|Real name/Full name||Balwinder Singh Sandhu
|Physical Stats & More|
|Height (approx.)||in centimeters- 180 cm
in meters- 1.80 m
in feet & inches- 5’ 9”
|Eye Colour||Dark Brown|
|International Debut||ODI- On 3 December 1982 against Pakistan at Jinnah Stadium Gujranwala
Test- On 14 January 1983 against Pakistan at Niaz Cricket Stadium at Hyderabad in Pakistan
T20I- Did not play
Note- There was no T20 at that time.
|Domestic/State Team||• Mumbai
• Eagle Thane Strikers
|Bowling Style||Right arm medium-fast|
|Record||Highest score by a debutant at no. 9 in Test cricket|
Not Outs- 4
Highest Score- 71
One Day Internationals
Not Outs- 3
Highest Score- 16
Ball Faced- 97
Strike Rate- 52.57
Runs Conceded- 557
Strike Rate- 102.0
One Day Internationals
Runs Conceded- 763
Strike Rate- 69.3
|Date of Birth||3 August 1956 (Friday)|
|Age (as of 2021)||65 Years|
|Birthplace||Bombay (now Mumbai), Bombay State (now Maharashtra)|
|School||Guru Nanak Technical High School, Mumbai
|College/University||• Guru Nanak Khalsa College, Mumbai
• Khalsa College & Jhunjhunwala College
• RN Jhunjhunwal College, Ghatkoper
|Educational Qualifications||Master of Arts, Economics (1978 - 1984) LinkedIn Corporation
|Address||Neelkanth Gardens in Govandi near Chembur, Mumbai|
|Relationships & More|
|Children||Daughters- Timrar Kaur ( Nazo), and Jankeesh Kaur
|Parents||Father- Harnam Singh Naz (Renowned Poet)
Mother- Gurcharan Kaur
Stepmother- Surjit Kaur
|Grandparents||Grandfather- Sardar Jagat Singh Sandhu ( Malay army as “Havaldhar)
Grandmother- Jawal Kaur
|Siblings||Sister- Paramjit Kaur (married Sajjan Singh Cheema, an Indian Basket-ball player, now an SSP in the Punjab Police and an Arjuna Awardee)
Stepsister- Nirmal Kaur
|Sports||Hockey, Football, Badminton|
Some Lesser Known Facts About Balwinder Sandhu
- Balwinder Sandhu is a former international cricketer who played for India as a medium-fast bowler and a handy tailender. He played a crucial role for India in lifting the 1983 World Cup trophy. He was originally an inswinger bowler but later added out-swing to his armory while playing in Kanga Cricket League.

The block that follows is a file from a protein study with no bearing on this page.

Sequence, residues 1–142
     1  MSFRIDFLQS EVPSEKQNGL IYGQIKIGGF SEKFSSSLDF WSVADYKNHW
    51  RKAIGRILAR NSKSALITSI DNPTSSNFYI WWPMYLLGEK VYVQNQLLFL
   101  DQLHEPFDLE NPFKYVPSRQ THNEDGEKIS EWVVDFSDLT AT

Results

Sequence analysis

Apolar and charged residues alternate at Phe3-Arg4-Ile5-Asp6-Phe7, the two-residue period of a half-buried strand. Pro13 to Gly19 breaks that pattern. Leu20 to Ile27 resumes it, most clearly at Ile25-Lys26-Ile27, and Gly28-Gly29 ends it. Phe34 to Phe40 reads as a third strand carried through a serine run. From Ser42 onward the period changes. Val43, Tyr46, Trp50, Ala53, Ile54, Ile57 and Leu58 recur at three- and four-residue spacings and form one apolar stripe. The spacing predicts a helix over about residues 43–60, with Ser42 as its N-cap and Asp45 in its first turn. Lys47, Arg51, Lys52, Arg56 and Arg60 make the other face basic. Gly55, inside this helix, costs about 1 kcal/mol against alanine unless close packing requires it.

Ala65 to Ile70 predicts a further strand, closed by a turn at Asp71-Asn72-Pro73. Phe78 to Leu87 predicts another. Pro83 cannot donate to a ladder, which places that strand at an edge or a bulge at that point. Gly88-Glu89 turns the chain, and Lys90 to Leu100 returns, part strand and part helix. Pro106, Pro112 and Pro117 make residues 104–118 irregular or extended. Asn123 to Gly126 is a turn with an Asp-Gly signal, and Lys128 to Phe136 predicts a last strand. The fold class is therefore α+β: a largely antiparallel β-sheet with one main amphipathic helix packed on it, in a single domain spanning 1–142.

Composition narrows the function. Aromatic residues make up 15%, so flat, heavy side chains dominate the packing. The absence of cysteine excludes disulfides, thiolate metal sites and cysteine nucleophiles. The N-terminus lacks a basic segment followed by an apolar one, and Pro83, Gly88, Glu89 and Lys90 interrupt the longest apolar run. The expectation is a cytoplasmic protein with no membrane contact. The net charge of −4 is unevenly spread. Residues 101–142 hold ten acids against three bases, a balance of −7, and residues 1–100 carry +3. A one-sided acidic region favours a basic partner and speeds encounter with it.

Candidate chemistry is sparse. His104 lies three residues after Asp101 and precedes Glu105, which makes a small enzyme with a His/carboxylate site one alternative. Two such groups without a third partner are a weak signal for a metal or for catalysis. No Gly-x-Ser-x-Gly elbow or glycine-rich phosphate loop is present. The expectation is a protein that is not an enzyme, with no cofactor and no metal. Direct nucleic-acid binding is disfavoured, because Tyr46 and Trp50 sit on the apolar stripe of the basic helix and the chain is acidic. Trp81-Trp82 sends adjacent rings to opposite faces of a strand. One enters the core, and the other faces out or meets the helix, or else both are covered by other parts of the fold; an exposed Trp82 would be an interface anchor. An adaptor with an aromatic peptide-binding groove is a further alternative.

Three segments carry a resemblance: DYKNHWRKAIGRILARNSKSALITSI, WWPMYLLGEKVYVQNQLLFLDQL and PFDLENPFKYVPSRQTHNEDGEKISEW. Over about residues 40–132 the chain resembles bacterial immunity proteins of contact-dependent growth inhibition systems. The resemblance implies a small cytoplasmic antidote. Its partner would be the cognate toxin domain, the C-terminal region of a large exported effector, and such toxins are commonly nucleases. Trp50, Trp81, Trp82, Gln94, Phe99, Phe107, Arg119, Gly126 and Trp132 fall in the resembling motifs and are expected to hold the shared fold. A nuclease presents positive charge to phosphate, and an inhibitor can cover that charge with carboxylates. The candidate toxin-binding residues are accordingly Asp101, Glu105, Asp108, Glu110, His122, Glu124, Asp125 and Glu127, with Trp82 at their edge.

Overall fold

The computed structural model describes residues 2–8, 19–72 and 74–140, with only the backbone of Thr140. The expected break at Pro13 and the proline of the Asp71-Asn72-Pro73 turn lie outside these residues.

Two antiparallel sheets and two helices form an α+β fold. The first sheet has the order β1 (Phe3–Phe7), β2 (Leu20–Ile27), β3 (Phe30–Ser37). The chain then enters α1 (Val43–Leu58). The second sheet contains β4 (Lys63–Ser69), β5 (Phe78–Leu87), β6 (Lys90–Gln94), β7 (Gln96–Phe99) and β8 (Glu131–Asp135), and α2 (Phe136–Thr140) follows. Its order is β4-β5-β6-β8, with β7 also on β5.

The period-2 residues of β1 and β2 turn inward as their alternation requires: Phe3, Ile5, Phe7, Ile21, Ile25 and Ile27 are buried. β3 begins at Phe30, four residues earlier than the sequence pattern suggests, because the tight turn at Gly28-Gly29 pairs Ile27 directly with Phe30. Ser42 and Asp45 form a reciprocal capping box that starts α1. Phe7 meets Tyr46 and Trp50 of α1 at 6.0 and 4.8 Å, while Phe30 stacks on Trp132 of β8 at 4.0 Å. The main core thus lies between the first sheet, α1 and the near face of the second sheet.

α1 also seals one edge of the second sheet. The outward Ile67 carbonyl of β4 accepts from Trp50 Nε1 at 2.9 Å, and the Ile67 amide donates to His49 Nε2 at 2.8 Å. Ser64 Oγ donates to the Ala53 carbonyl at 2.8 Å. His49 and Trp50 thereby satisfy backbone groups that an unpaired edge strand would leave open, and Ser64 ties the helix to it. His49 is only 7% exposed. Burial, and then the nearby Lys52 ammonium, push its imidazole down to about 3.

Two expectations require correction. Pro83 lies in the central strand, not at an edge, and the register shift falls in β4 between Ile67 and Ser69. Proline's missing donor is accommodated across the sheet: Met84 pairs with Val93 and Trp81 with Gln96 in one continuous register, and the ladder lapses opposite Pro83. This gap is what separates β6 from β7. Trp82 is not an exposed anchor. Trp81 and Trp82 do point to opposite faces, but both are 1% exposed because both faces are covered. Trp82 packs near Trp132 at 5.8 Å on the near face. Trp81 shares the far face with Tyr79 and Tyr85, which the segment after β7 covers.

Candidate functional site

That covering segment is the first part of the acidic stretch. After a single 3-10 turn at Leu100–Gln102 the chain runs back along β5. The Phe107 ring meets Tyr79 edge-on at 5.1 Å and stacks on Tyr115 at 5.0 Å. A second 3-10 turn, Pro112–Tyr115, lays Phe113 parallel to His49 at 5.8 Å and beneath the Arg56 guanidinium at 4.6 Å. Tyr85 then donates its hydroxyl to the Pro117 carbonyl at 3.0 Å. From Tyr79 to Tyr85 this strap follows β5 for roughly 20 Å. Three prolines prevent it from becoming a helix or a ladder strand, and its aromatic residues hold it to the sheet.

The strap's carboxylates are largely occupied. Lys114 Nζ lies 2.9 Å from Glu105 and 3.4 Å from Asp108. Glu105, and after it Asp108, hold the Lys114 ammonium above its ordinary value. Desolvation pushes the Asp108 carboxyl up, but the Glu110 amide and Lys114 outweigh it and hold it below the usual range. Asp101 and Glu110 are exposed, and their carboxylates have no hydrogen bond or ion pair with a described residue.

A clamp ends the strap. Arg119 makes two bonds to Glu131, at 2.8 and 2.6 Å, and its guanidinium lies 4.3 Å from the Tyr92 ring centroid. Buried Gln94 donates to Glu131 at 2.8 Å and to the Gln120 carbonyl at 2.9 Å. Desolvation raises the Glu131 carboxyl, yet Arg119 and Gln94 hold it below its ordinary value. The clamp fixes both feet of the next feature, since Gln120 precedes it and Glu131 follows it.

- His father was working in the Public Health department of the Punjab Government till 1948 and then shifted to Bombay (now Mumbai). He joined the Railways as a Ticket collector.
- He started watching cricket at the age of three. He used to play near his house during childhood with a tennis ball. After shifting to Nehru Nagar in Kurla, he saw the bigger ground and decided to play there. However, it was dirty so Balwinder (at that time he was 14 years old) thought of cleaning it with his friends. They all cleaned it and made a pitch right in the center of the ground and this started the rise of Balwinder’s interest in cricket.
- When he was 16 years old, he went to a summer vacation camp organized by the Bombay Cricket Association. He revealed,
“The only reason I went there was because all my friends were going, and I didn’t know what to do. I was good at tennis ball cricket and used to bowl off-spinners as well as bat very well. But I wasn’t interested in leather ball cricket and was a bit scared while batting. Baba Sidhaye was the coach at that time, and he was quite impressed by my bowling. Although I got selected, I wasn’t very serious for two-three years.”
He started becoming serious in cricket after joining Jhunjhunwala College where his performance got drastically improved and that instilled more passion in him. In that phase, he took 25 wickets in three matches.
- He started bowling pace when during Kanga Cricket League, his team’s fast bowler hasn’t come so Balwinder decided to go with the pace. Interestingly, he was getting wickets but was struggling on dry pitches. Then he learned the art of swing bowling.